With its collections of ancient, modern and contemporary art, the Musée de Grenoble offers you a chance to traverse the history of western painting from the 13th to the 20th centuries. Included are major masterpieces of classical Flemish, Dutch, Italian and Spanish painting; one of 20th century Europe’s richest collections; and all the great post-1945 contemporary art trends, right up to the most recent artworks of the 2000s.
GEORGIA O’KEEFFE and her photographer friends
7 Nov.2015 – 7 Feb. 2016
As the first solo show in France to be devoted to the American painter Georgia O’Keeffe, the exhibition scheduled this autumn at the musée de Grenoble is an outstanding event. Put on with the participation of the Georgia O’Keeffe Museum in Santa Fe (New Mexico, USA), and the backing of the French Regional American Museum Exchange [FRAME], it goes back over the career of an icon of American art, who is as famous in the United States as Jackson Pollock. From her earliest works in New York to when she settled in New Mexico in 1949, Georgia O’Keeffe was greatly influenced by modern photography. To encompass this factor, the exhibition will create a dialogue between her paintings and her photographer friends, forming a total selection of 90 works coming from fifteen prestigious international museums, as well as from major German, Spanish and French institutions.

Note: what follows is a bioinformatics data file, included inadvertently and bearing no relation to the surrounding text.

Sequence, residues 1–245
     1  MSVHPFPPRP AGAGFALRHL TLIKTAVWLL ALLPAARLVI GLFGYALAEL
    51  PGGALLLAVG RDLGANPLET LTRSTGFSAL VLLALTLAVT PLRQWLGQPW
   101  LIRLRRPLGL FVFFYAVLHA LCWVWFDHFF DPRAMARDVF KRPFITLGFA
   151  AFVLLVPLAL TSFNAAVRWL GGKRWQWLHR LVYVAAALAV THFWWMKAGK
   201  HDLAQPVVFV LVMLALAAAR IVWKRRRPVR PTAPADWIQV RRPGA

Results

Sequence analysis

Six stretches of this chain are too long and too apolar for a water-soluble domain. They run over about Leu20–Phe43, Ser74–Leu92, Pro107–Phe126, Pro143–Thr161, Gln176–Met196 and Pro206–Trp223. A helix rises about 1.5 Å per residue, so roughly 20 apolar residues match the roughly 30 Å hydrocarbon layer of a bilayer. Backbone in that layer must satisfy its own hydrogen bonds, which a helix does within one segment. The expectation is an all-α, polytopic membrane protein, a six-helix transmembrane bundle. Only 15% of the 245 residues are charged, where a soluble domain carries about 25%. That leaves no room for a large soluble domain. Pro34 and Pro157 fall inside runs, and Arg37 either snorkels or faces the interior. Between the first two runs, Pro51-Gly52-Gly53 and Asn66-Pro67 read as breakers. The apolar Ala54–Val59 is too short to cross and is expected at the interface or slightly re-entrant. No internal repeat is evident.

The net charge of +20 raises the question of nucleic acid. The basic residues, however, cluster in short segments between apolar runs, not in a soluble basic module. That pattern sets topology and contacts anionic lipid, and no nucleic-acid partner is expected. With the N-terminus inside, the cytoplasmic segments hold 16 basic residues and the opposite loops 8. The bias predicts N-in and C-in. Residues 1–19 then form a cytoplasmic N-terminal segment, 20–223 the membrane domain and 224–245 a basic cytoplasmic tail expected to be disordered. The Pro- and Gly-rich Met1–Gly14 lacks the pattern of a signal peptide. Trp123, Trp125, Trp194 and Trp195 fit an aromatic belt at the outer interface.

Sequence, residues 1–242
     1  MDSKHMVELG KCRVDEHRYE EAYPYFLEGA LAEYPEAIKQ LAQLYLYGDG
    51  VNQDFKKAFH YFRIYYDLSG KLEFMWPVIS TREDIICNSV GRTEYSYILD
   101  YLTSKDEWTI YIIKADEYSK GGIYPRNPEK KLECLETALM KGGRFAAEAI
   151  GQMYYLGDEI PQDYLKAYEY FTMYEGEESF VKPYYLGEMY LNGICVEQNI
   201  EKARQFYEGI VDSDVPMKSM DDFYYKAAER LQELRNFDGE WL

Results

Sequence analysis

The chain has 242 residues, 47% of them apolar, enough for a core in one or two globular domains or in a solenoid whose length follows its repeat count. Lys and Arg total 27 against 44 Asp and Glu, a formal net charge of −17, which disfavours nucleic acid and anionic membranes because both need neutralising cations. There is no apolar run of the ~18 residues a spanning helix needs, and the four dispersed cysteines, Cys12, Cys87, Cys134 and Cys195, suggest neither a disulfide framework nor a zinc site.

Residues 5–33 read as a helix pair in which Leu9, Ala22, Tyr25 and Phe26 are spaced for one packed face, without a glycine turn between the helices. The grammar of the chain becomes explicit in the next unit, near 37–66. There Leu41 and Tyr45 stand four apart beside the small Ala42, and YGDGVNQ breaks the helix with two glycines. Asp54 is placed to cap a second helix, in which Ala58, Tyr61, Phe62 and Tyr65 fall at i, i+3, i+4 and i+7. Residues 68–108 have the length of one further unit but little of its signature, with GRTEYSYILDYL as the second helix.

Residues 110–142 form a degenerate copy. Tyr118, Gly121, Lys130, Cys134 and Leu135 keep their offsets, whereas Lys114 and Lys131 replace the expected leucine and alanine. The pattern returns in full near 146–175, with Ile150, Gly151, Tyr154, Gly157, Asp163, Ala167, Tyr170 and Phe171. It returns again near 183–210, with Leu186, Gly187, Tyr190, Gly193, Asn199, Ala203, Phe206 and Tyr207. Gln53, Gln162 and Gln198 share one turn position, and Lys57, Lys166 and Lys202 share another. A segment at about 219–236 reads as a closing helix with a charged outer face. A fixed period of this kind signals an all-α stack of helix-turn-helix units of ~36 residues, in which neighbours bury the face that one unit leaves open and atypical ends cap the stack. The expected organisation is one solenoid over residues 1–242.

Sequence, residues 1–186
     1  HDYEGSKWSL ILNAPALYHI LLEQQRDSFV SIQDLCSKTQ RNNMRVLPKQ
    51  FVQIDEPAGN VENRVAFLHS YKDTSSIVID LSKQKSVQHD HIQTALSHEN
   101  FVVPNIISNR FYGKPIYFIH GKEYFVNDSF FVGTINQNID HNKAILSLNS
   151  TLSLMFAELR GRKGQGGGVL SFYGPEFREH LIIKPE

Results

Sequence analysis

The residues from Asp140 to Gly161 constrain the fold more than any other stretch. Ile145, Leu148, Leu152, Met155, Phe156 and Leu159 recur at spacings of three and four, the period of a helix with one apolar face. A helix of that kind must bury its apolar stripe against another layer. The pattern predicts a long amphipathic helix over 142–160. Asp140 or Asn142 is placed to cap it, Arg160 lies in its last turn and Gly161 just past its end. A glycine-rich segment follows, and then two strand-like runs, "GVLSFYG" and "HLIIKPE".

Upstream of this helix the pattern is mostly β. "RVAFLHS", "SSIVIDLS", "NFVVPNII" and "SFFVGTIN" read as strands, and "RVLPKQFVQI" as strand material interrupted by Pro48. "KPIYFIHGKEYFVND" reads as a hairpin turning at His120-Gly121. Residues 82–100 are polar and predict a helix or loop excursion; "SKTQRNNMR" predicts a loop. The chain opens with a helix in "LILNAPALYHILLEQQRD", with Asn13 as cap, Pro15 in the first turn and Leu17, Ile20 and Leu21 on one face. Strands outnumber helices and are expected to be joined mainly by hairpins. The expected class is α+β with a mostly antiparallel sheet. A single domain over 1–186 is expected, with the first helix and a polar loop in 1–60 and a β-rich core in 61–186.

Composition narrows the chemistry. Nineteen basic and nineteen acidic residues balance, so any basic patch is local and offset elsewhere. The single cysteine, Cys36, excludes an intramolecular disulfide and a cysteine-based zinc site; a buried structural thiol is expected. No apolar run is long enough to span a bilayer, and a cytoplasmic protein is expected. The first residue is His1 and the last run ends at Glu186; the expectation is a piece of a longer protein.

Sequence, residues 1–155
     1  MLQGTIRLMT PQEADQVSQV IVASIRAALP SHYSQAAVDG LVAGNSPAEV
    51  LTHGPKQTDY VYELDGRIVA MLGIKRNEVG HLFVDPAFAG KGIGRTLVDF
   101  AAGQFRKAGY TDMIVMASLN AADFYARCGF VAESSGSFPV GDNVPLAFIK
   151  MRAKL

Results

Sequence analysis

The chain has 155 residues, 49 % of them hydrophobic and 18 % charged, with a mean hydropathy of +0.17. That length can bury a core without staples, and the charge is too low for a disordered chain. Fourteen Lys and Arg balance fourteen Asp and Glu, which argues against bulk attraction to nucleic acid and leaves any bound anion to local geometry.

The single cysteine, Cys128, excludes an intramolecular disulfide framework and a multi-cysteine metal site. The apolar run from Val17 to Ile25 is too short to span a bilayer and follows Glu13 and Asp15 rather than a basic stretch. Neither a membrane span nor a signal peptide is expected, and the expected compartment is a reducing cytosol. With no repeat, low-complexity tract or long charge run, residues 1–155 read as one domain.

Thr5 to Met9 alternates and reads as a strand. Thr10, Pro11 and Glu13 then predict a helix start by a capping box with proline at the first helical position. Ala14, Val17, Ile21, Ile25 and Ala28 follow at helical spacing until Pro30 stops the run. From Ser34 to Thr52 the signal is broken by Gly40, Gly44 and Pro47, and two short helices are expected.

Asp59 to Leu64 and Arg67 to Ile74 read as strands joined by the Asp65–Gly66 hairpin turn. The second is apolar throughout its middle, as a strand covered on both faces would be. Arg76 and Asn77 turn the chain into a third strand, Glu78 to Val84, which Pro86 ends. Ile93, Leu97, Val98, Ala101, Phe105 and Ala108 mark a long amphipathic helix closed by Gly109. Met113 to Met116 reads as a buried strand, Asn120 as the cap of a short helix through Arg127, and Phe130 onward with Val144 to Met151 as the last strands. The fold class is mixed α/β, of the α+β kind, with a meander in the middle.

This major work from the Flemish collection is dazzling evidence of Rubens’s first period, prior to his return from Italy in late 1608. Commissioned in 1606 by the Oratorian fathers for the Chiesa Nuova di Sante-Maria-in-Valicella in Rome, St. Grgeory was refused by these latter and finally ended up, until the 18th century, in the artist’s funerary chapel in Antwerp. St. Gregory, pope from 590 to 604, is at the centre of the composition, accompanied by the dove of the Holy Ghost. On the right, St. Domitilla appears in luxurious clothes, before St. Achilleus and St. Nereus. On the left, St. Maurus presented as a Roman soldier stands beside St. Papianus leaning on a stick. An image of the Virgin with Child giving its blessing, surrounded by cherubs and supported by a monumental arch, rounds off the scene, which perfectly illustrates the spirit of the triumphant Counter-Reformation.
The composition is hallmarked by a succession of diagonals leading to the portrait of the Virgin, a picture within a picture. The amazing refinement of St. Gregory’s apparel calls to mind the painter’s Flemish origins, Italian, and in particular Venetian, influences are nevertheless predominant. Baroque components harbinger the Rubens to come, however: the way the characters are presented, the swirling movement of the robes, and the interplay of gazes.
Research that has been undertaken over the past few years about the complex genesis of this painting will result in a generously illustrated book, to be accompanied by an audiovisual extra recounting the complete history of this masterpiece.
Peter Paul Rubens
© Musée de Grenoble